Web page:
By THE NATION
The council also approved power plant projects in Surat Thani and in the Western region.
Energy Minister Siri Jirapongphan said that the NERC agreed on the new PDP - covering 2018 to 2037 – at a meeting chaired by Prime Minister Prayut Chan-o-cha yesterday. The Electricity Generating Authority of Thailand (Egat) was tasked with planning for Thailand's power transmission system development for higher power security, grid modernisation and for a regional grid connection centre covering five countries – Thailand, Laos, Myanmar, Malaysia and Cambodia.
The Egat will also team up with the Provincial Electricity Authority to develop a smart grid in the Eastern Economic Corridor (EEC) to facilitate the needs of investors and enable power discounts.
“In the new PDP, although Egat's power production will be lower, it will take more responsibility for the system security from the grid connection. It will not only receive fees from transmission lines but play a role in joining in with investments. Egat is expected to finish its planning late this year,” Siri said.
The NERC also agreed on a 1,400 MW power plant project in Surat Thani and a 1,400 MW plant in the West, of which a part will replace Ratchaburi Power Generating Holding's 700 MW Tri Energy power plant. The company’s contract will end in July 2020.
The Committee on Energy Policy and the Energy Regulatory Committee will also consider a solar power plant project for community needs, with capacity of 100 megawatts per year for 10 years from 2019. The project is expected to begin in the middle of this year.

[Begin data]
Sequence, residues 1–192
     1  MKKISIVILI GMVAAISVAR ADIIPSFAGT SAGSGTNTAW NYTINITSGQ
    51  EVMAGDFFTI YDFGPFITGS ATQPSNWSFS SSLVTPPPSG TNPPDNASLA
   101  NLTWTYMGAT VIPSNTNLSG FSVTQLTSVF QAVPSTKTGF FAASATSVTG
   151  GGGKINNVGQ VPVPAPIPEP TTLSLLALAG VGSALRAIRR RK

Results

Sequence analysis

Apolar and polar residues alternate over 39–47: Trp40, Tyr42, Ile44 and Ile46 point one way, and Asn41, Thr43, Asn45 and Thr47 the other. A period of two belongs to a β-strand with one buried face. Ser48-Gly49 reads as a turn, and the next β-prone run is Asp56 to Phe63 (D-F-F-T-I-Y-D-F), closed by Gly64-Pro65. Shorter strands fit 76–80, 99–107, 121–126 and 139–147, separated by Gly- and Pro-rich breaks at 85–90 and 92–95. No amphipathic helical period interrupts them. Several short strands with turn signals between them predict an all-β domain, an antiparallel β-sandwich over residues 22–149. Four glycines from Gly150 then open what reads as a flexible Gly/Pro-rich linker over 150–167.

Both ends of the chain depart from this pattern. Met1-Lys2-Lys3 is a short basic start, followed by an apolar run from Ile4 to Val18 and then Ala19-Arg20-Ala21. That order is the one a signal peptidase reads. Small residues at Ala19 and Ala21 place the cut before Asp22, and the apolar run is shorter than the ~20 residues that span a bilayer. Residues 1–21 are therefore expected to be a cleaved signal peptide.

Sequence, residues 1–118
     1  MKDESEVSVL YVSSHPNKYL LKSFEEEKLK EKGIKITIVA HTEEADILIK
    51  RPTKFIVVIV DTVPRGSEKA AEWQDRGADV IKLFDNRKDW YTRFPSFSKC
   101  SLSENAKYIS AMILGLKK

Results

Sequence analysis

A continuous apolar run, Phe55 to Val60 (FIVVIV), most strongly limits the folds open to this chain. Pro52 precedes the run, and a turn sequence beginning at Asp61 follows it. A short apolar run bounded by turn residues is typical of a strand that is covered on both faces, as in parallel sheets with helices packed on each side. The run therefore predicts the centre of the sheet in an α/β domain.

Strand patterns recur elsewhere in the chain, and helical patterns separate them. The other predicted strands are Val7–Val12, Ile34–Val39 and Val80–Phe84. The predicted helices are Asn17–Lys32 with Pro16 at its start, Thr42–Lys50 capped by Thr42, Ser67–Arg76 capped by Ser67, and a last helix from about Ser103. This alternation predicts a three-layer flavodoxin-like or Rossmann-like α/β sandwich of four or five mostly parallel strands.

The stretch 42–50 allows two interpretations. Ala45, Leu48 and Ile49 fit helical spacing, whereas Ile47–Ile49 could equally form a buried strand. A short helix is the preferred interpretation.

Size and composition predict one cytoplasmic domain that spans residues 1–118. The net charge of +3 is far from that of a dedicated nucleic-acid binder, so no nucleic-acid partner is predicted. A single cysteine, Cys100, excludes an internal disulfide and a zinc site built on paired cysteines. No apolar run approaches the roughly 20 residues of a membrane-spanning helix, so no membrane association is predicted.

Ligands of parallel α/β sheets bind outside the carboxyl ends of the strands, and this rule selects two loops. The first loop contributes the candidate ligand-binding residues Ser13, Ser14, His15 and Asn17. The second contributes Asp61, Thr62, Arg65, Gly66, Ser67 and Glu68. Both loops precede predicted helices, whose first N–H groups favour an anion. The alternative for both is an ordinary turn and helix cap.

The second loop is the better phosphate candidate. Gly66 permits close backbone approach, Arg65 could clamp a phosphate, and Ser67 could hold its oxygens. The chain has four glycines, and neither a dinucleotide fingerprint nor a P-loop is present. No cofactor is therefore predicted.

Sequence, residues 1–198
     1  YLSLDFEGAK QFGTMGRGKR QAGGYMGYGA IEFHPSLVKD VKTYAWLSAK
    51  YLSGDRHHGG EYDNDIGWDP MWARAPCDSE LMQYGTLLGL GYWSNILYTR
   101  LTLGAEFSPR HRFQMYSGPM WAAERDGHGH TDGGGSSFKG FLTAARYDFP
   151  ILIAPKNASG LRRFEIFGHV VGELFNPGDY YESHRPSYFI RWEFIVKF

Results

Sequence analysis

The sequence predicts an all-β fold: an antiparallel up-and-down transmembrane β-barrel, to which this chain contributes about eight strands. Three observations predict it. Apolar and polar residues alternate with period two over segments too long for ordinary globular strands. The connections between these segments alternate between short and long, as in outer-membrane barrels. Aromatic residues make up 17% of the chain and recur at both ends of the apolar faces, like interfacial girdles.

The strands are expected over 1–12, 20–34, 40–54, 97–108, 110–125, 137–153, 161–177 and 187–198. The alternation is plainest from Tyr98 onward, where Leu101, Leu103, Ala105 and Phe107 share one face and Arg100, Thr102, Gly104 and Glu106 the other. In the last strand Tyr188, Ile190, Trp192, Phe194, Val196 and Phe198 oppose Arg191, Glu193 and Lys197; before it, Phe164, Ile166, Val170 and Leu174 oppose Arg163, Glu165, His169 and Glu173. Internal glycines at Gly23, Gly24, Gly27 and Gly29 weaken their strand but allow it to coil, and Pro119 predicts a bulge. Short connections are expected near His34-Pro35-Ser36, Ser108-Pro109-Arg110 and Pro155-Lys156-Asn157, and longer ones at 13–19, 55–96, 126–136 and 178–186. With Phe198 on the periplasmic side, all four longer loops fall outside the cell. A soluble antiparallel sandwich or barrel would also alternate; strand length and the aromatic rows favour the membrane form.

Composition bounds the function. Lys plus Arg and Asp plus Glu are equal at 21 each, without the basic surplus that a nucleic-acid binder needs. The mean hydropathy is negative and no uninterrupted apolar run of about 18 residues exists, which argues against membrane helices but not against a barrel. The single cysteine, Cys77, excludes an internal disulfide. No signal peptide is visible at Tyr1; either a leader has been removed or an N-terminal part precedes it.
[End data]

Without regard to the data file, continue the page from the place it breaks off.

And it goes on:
This project's power generation is not only aimed at people's homes but also for rural schools and subdistrict hospitals.
In the new PDP, the country's power production capacity will rise from 46,090 MW in 2017 to 77,211 MW in 2037. New capacity is expected at 56,431 MW from 2019 to 2037.
Of the total estimated new capacity, 20,766 MW will come from renewable power plants, 13,156 MW from combined cycle power plants, 2,112 MW from cogeneration power plants, 1,740 MW from lignite or coal-fired power plants and 500 MW from pumped storage hydropower plants. About 8,300 MW will be from new or replacement power plants, 5,857 MW from imports and 4,000 MW under the energy conservation plan.
In this new PDP, the NERC also approved an increase in power production capacity from waste by 400 MW. Combined with the 500 MW capacity in the earlier plan, the new power production capacity from waste will be 900 MW. Biomass power production capacity will rise to 120 MW.
In 2037, 53 per cent of the country's power production will be generated by natural gas, 35 per cent from non-fossil fuels and 12 per cent from coal. The retail power price throughout the PDP will be Bt3.50-Bt3.63 per unit, or about Bt3.58 per unit on average. The plan will be reviewed every five years or upon significant changes in factors.
Preeyanart Soontornwata, chief executive officer of B Grimm Power Plc and chairperson of the Association of Private Power Producers, said that the extension of cogeneration SPPs’ contracts after a two-year delay will boost the confidence of investors.